Step 3: Cut

Now you’re ready to cut out your fabric. Add 1-2 inches along the sides for your seam allowance. I have a bad habit of not adding enough seam allowance. My belly covers tend to be a little too small on me because of this. When will I learn? LOL. When in doubt cut it larger than you think you’ll need and cut it down later.

Once you’ve cut the piece out–don’t forget that this is the back– it’s a good idea to make sure the pattern is symmetrical. Fold your piece of fabric in half and even out the edges until everything is perfectly lined up and even. I usually cut out the leg holes at this point.




Take this piece and lay it on top of the uncut fabric. Trace and cut. You’ll want to make sure that everything is lined up properly. You should have two identical pieces after this. However, if you have a large posterior or a large stomach, you may want to make one piece slightly larger than the other one to compensate for this. Only trial and error can help you. I know that I should probably make my back piece a little larger through the hip area to compensate for my booty.


Now, fold the top piece in half and even out the edges. Next, you’ll need to make leg holes for the front. Refer to the shape of the belly cover or pattern you are using for your point of reference. I have found that these belly covers fit more like boy shorts or lady briefs, so sometimes I will refer to an actual pair of underwear.

Fold the front piece in half to make sure both sides are even, trace the shape of your leg holes and cut them out.

Front leg holes
Final cut pieces

And now you’re ready to start sewing!

Step 4: Sew!

Here comes the easy part, in my opinion. I love using a sewing machine or serger. It’s so fun. It takes the tedium of cutting and pinning away.

Here’s a picture of my awesome serger all set up with red thread. I bought it used from Craig’s List for $150. ­čÖé

Serger circa 1990
red thread on serger

I have my serger set to trim the edges at 5/8″. In retrospect, I may have been better off disabling the knife to give me a little extra room on the sides. I think this is part of the reason why my belly covers end up a little too small for me. Experiment with seam allowances.

You’ll want to sew the crotch first. I pin along the seam in addition to pinning the pattern pieces together in other key spots to avoid slippage. This kind of fabric is very slippery on a sewing machine, so it is important to pin, pin, pin and go slowly so you can correct any slippage right as it begins to happen.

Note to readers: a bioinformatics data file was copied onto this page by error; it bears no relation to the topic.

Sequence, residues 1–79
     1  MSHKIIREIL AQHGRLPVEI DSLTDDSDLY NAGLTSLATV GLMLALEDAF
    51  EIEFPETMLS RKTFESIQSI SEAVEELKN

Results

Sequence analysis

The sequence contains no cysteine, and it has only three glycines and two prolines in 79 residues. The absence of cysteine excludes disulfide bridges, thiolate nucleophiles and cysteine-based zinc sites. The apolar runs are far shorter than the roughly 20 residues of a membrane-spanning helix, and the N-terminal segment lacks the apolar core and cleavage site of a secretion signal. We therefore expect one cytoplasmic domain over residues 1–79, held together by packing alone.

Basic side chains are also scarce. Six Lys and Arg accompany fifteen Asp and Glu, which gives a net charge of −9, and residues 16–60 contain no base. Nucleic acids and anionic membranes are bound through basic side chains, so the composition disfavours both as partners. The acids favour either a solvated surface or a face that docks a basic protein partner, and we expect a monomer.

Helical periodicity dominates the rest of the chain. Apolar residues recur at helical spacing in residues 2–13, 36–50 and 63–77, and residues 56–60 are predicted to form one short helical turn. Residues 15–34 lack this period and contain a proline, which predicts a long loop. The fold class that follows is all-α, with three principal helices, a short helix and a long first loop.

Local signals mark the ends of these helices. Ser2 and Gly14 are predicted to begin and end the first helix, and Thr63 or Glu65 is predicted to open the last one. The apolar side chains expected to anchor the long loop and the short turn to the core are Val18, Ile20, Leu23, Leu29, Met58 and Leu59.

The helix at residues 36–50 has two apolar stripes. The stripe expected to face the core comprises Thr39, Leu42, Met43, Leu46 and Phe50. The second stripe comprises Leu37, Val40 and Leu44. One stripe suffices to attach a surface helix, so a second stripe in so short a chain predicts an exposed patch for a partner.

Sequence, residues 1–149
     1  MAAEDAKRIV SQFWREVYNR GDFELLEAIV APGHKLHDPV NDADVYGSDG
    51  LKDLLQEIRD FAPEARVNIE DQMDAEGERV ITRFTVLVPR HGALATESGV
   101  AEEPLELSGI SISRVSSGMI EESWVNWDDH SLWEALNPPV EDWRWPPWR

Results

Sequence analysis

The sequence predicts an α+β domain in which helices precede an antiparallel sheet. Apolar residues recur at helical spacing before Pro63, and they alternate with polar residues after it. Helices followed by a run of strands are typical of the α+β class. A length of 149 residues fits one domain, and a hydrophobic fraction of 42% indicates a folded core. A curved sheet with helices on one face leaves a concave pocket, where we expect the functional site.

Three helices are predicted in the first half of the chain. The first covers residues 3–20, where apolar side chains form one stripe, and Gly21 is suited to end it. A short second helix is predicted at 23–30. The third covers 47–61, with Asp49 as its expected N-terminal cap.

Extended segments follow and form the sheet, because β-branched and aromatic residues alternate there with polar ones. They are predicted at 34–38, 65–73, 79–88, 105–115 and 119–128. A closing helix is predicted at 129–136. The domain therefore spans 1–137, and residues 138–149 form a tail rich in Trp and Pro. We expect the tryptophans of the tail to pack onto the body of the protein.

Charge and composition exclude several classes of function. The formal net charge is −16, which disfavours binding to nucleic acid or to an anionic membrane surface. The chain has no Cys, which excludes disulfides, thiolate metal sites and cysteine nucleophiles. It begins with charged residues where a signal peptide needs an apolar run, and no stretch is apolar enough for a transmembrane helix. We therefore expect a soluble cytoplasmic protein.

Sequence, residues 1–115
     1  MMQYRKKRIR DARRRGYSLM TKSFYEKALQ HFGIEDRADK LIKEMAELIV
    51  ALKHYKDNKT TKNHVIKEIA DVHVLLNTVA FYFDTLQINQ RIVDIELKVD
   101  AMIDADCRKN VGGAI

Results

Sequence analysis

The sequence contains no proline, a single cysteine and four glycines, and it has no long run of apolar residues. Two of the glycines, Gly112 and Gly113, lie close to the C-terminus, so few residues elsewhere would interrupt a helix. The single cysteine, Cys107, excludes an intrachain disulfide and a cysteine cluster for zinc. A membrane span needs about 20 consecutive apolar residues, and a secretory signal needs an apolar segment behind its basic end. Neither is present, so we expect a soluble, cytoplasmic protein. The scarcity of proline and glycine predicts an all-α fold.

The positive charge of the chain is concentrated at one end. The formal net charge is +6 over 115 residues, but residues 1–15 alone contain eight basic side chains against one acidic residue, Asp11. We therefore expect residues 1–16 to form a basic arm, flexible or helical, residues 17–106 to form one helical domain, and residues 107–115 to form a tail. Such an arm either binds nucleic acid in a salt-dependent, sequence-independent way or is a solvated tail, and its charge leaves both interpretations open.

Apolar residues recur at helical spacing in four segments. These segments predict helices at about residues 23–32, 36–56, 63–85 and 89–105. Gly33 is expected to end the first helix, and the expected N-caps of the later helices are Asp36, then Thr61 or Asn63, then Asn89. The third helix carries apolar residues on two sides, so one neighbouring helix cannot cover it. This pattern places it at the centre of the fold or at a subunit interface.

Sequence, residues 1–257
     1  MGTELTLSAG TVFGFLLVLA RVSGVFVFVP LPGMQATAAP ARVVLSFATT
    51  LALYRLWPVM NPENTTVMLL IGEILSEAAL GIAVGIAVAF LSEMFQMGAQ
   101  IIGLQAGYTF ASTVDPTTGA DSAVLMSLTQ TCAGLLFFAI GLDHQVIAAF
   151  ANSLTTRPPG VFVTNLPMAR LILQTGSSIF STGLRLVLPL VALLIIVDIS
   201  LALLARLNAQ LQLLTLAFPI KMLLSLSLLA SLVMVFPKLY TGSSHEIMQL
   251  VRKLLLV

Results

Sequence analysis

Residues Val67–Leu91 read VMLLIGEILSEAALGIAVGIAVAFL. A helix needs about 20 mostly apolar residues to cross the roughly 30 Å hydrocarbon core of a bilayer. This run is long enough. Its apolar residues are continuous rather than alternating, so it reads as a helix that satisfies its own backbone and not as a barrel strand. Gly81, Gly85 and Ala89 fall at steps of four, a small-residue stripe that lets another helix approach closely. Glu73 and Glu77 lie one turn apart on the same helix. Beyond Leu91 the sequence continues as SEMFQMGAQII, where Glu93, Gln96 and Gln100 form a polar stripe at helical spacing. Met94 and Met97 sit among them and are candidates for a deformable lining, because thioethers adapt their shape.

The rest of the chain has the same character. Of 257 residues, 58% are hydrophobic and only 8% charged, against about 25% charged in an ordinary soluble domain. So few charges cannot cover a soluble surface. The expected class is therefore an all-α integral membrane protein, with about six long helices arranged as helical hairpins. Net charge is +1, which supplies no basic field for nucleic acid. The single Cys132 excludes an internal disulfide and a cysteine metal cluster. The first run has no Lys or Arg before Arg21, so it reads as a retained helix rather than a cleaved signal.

I should also note that it is hard to determine the right side with this fabric. Some might say it doesn’t really have a right side, but I think it does. You can tell by a slight difference in the texture and the sheen. Regardless of which side is the right side, make sure your two pieces match. Remember the quintessential sewing tip: Right sides together.


Then, you can start sewing the sides together. Leave about two inches of extra space toward the top of one of your side seams. This will help us attach the elastic in a minute.


Next, you can sew on your elastic. You have two choices for attaching the elastic; you can use a regular sewing machine or a serger.

You’ll want to measure the elastic first. I’m not so good at this part and this is another misstep that I often make which causes my belly covers to be a little small on me. I’m sure there is a formula somewhere, but I don’t know it. I just measure around the widest part of my hips while keeping the elastic stretched because the elastic will need to fit over your hips as you put on the belly cover. Try not to stretch it too much, because chances are you won’t be able to replicate the stretch once you are sewing. I also try not to make it too big either, because then the elastic won’t be tight enough around your torso. You’re looking for that sweet spot. You may want to play around with basting the elastic on at different lengths until you find the right length. Once you have that measurement, you may want to write it down and save it for safe keeping. In fact, if you’re really proactive, you may want to use your fabric pieces as a pattern by tracing them on to craft paper, newspaper, parchment paper or pattern paper.